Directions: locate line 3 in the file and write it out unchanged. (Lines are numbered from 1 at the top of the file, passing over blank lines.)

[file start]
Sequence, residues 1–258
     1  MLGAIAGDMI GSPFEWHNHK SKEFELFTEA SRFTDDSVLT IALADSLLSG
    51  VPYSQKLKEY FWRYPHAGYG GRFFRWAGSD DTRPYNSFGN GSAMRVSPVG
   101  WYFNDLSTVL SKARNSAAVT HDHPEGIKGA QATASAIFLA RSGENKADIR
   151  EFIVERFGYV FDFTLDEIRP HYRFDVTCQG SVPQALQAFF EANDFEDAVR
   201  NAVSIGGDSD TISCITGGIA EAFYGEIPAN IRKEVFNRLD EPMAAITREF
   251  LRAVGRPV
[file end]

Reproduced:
    51  VPYSQKLKEY FWRYPHAGYG GRFFRWAGSD DTRPYNSFGN GSAMRVSPVG